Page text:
Unless you have a steady source of income (investments, freelance work, etc.) coming in, you’re going to have to fund this trip entirely before you leave. Of course, one of the hardest things about taking a gap year is saving for it. Based on our experience, we’d highly recommend teaching English in Asia for a few years to fund a gap year. We’ve got you covered for teaching in China, but also know from friends that Korea and Taiwan are great places to work and save. Before you start saving, think about how much it’s going to cost you. Check air fare, train tickets, and hostel prices in the places you want to go – these will be your biggest costs. Do some research into each place to get a rough idea of how much you’ll need to budget for food/drink, entrance tickets, visas, and so on.

If you’ve got all of those questions answered and you’re still with us, it’s time to start planning your gap year.

Our Decision

Prambanan Temple
  • Save
In front of Prambanan Temple.

Pre-tirement (Noun): To take an extended leave from work in your 20s or 30s.

If you’ve never heard the word “pre-tirement” before, that’s probably because it doesn’t exist. Well, hopefully it will make its way into dictionaries eventually after we explain it here.

Most people think of “retirement” as playing golf, doing lots of reading, spending time with the grandkids, and all that good stuff that is supposed to come in your “golden years.” While that all sounds well and good, working for 40 years and waiting until we’re old and grey to really enjoy life just didn’t sound good enough for us. We wanted to get out and explore the world while we’re young, commitment free, and full of energy. With no house, car, kids, or credit card debt, we decided now was as good a time as any.

Gap Year
  • Save
Bali makes you want to stick around for a while.

After an eye-opening trip on Bali island that was much too short for us to really soak the place up, we decided that we needed to travel full-time, without worrying about annual leave days, rent payments, or any of the other boring stuff that comes with a “normal” life. As such, we decided to make a conscious effort to save lots of money, do some intense planning, and go ahead and quit working to travel the world. We decided that this short and early version of retirement could best be described as “pre-tirement.” Most people refer to this kind of trip as a gap year – a year in between high school and college or graduation and starting a career. Seeing as how we took our “gap year” at the age of 28 in between living in two different Chinese cities, we felt that it needed a different name.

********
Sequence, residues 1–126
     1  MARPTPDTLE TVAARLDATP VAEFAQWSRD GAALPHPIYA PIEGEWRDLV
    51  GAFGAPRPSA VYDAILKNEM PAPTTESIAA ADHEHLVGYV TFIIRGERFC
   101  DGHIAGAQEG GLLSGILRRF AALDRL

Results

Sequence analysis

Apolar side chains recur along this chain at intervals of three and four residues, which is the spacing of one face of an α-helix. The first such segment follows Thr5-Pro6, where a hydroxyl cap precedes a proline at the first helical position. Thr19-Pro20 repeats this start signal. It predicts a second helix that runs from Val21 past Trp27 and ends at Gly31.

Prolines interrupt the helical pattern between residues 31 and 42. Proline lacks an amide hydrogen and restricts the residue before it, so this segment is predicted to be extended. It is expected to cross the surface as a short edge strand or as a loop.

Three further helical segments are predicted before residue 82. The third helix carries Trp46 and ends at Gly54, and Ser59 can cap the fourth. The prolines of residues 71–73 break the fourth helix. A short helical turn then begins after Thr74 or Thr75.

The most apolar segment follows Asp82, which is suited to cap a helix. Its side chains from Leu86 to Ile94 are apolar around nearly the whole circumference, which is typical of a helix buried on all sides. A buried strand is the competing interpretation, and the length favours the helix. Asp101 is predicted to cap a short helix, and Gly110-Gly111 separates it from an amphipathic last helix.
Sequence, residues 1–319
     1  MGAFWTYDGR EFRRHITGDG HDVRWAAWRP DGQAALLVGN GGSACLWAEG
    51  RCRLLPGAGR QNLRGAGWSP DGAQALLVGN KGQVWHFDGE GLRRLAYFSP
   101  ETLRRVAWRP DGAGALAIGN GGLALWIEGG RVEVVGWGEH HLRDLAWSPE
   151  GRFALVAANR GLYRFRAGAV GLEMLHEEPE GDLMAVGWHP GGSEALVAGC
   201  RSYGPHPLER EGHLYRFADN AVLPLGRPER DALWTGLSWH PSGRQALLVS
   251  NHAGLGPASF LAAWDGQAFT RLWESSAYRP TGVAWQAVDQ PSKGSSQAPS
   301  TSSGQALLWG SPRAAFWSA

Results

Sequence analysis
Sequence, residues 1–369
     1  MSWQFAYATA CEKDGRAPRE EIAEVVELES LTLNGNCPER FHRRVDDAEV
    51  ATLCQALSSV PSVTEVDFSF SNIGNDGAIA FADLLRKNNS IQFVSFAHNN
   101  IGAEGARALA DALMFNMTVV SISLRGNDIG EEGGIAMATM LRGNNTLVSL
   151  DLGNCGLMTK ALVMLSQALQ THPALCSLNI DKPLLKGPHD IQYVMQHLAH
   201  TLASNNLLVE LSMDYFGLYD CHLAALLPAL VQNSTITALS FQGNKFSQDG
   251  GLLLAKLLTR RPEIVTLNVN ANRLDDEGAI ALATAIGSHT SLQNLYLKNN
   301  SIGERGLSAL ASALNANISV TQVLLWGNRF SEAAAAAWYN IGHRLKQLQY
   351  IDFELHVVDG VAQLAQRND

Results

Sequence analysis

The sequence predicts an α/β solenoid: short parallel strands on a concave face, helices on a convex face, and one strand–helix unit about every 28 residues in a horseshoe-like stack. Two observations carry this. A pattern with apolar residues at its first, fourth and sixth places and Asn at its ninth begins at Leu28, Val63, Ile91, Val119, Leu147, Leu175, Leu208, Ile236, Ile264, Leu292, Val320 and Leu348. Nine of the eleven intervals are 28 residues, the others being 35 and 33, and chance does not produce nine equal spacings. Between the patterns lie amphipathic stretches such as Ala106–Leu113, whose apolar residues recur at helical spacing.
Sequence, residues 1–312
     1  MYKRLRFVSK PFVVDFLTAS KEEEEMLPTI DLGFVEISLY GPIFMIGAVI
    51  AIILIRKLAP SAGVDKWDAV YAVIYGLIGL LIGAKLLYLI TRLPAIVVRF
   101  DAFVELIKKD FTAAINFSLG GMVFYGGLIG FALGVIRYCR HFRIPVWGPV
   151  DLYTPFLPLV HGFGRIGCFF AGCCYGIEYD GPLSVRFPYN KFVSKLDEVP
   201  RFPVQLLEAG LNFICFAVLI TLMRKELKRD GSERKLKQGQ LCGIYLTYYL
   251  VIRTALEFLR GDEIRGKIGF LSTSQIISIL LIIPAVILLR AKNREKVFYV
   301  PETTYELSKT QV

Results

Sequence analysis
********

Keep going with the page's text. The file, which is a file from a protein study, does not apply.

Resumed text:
Just as moving to Beijing to live and work was a big decision for us a few years ago, it wasn’t easy to quit our stable jobs, leave our nice apartment, and give up our awesome social life in Beijing, but we knew it was the right one. After all, if there’s one thing we’ve learned in all of our travels, it’s that time constraints are a real drag. With so much time spent en route, getting over jet lag, and inevitably getting lost at some point, we decided that we needed to free ourselves from the shackles of only traveling for short periods of time around holidays. We want to dive into the places we visit, soak up the culture, learn as much as we can, meet people, and have new experiences at every turn. Just like the shows we love to see, we want our travels to be varied, unique, and improvised. The spirit of the music we loved combined with our love for travel has led us to this decision, and it can best be summed up in one of our slogans – “Life is a set-list; write your own.” If you’re ready to get serious, learn how to plan, save, and budget for a gap year. Then read all about our gap year, which took us from coast-to-coast in the US, across SE Asia, and from Hong Kong to our new home of Kunming back in China.

Leave a Reply

Your email address will not be published.

This site uses Akismet to reduce spam. Learn how your comment data is processed.

Scroll to Top
Copy link
Powered by Social Snap